As a kid, the notion of enjoying homework was completely foreign. School was the precursor to running around outside and playing sports with friends. The faster I finished it, the better. School remained this way through high school and into my freshman year of college.
But then a peculiar thing happened during my sophomore year. I fell in love with school and the process of learning. Suddenly, I wanted to challenge my classmates, write papers that forced my professors to think and hold myself to a higher standard than before. Sure, I still resent the general education classes, but I find myself making the effort to learn something. Now, one year later, I’m preparing applications for graduate schools, investigating Ph.D tracks and spitballing ideas for thesis and dissertations.
Learning to love the process of learning didn’t happen on purpose; it just kind of happened. And honestly, I think that was the best way for such a development. I didn’t plan it out or fit it into my schedule for the semester. It just happened. And because it just happened, it opened up new possibilities and options for my future that I had never considered before.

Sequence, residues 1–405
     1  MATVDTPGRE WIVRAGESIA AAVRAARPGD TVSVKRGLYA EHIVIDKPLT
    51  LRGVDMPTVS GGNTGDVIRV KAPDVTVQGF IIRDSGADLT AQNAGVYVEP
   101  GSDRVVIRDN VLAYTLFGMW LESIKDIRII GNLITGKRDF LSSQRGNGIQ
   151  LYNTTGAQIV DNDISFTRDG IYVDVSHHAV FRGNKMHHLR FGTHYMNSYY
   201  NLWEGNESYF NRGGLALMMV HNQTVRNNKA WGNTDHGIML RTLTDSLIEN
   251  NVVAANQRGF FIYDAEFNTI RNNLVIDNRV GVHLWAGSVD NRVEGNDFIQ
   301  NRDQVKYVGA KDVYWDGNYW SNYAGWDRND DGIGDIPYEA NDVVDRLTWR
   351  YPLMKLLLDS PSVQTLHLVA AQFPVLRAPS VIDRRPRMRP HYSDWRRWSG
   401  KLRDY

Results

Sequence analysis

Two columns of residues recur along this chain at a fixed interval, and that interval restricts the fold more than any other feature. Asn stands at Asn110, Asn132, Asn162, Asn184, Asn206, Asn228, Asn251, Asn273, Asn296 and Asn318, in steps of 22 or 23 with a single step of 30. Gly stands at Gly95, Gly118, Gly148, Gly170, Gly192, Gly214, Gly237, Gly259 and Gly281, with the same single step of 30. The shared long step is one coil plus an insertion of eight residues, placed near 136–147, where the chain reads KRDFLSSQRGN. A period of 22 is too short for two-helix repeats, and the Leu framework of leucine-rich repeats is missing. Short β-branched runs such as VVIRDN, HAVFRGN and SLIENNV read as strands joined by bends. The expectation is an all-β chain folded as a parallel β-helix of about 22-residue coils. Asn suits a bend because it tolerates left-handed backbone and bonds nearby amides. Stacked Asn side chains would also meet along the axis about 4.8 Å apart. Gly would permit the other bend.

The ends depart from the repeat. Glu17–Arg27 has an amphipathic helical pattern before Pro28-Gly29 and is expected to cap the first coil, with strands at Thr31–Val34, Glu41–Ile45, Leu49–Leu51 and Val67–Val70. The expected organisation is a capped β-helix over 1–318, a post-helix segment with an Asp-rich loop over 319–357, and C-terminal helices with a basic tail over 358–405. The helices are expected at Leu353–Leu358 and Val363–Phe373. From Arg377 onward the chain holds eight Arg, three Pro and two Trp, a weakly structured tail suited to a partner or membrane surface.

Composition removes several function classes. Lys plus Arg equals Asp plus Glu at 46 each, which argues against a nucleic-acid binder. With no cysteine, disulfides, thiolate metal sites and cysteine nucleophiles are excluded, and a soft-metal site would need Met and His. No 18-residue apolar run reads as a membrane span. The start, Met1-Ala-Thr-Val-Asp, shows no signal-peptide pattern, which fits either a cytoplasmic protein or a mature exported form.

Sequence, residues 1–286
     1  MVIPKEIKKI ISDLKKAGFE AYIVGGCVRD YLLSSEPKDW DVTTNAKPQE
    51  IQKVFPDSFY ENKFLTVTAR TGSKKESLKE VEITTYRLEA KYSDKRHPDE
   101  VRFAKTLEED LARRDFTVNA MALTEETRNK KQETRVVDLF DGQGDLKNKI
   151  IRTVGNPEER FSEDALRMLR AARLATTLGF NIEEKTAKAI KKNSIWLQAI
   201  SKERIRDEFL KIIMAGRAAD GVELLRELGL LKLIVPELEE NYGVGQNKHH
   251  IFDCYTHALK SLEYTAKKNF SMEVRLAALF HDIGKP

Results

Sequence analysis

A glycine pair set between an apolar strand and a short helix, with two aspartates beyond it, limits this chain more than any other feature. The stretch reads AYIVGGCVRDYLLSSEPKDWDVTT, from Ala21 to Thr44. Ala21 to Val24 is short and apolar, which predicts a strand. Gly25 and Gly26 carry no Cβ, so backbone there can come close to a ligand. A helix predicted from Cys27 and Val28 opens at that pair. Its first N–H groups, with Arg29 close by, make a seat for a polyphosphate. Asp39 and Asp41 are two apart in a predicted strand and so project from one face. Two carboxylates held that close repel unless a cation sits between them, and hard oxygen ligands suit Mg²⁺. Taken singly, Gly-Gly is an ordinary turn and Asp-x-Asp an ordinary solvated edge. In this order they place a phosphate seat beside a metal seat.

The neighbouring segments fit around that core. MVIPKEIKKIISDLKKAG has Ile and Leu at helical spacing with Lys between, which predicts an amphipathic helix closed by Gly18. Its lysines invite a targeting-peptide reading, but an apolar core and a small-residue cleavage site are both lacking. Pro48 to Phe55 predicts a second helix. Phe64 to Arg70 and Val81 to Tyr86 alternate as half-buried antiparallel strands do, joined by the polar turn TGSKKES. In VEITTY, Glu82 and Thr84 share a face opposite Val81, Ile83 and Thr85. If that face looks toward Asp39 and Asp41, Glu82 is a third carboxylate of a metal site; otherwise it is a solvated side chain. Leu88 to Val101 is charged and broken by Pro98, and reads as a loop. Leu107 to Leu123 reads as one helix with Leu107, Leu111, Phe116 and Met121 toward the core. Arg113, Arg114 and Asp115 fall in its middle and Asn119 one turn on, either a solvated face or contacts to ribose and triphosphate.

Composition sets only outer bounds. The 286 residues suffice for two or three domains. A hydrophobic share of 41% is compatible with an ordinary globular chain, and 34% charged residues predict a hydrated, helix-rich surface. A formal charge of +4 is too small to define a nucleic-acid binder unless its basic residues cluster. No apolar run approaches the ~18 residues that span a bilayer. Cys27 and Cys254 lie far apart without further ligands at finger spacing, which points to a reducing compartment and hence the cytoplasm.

Writing about my future for a column is weird. Putting it on paper (or, a computer screen) suddenly made it very real. I replotted my course for the near future so quickly and quietly that I continue to be surprised by it. If you’ve read this far and are confused, then that makes two of us. I started this semester the same way I’ve started every other semester: not really sure what’s going to happen. In some ways, that’s the beauty of it. As long as I keep learning, working hard and don’t get lazy, some interesting things are bound to happen.
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